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Construction reportedly abandoned on Apple's Danish data center site

Work on the site, part of Apple's $1.8 billion investment in European data centers, is said to have been stopped because of issues with main contractor Exyte, seeing craftspeople sent home and not told when to return.

View of the empty construction site. Photo by Morten Dueholm

View of the empty construction site. Photo by Morten Dueholm


Danish newspaper Viborg Stifts Folkeblad says that construction work on Apple's Viborg data center site has been abandoned and craftspeople sent home. The paper reports that it has unconfirmed sources saying that Apple has terminated its agreement with the building's main contractor, the Irish firm Exyte.

"Several hundred craftsmen were sent home with the message that they were to take their tools with them," says the paper (in translation), which has separately confirmed that "there is no life" at the site, no workers or staff.

"It is stated that the Irish main contractor has not been able to deliver the construction to the agreed deadlines," wrote the publication. "The first deadline was last September... the second deadline [was] April this year."

Apple has not yet responded to requests for information from Viborg Stifts Folkeblad. Exyte has responded, but only to say that it can't comment.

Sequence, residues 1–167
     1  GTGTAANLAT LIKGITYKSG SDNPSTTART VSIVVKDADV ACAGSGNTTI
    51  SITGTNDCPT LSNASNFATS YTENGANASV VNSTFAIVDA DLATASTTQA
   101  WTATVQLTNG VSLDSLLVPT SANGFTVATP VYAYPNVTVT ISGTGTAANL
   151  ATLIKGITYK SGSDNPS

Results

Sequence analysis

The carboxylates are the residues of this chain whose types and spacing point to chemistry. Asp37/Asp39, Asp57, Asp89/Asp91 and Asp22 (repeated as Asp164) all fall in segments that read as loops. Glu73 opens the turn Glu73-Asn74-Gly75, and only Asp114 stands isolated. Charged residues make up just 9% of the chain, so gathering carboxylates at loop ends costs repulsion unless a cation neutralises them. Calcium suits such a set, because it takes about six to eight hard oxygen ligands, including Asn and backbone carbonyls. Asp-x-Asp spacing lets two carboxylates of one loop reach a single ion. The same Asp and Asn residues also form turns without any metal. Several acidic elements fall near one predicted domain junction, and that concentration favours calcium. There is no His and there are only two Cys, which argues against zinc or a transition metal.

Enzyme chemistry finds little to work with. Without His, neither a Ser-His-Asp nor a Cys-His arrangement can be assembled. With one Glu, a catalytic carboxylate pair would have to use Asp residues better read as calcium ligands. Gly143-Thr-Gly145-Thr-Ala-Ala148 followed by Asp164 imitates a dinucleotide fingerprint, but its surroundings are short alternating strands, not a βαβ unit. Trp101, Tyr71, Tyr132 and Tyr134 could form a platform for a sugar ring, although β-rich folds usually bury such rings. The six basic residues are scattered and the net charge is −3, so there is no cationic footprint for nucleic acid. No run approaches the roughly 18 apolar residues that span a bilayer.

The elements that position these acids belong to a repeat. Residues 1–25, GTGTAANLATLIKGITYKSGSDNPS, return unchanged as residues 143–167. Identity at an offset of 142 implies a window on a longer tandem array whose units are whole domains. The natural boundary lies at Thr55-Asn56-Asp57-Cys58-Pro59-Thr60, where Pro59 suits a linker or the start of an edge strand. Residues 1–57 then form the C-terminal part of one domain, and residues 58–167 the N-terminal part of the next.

The work on a data center site in Viborg, in Denmark's Jutland region, is part of a project that was seeing Apple invest $1.8 billion in Europe. This claimed delay on the Viborg one follows Apple's abandonment of a similar facility that had been planned to be built near Athenry in Ireland. Apple withdrew from that plan because of local opposition, but it did so before any actual construction had begun.

An example of a completed data center. This is Apple's one in Maiden, North Carolina

An example of a completed data center. This is Apple's one in Maiden, North Carolina


Both the Ireland and Denmark plans were originally announced in February 2015. Each was planned to measure some 166,000 square meters, each was to be powered by renewable energy, and Apple said they were to serve content to European users for the iTunes Store, App Store, Siri and more.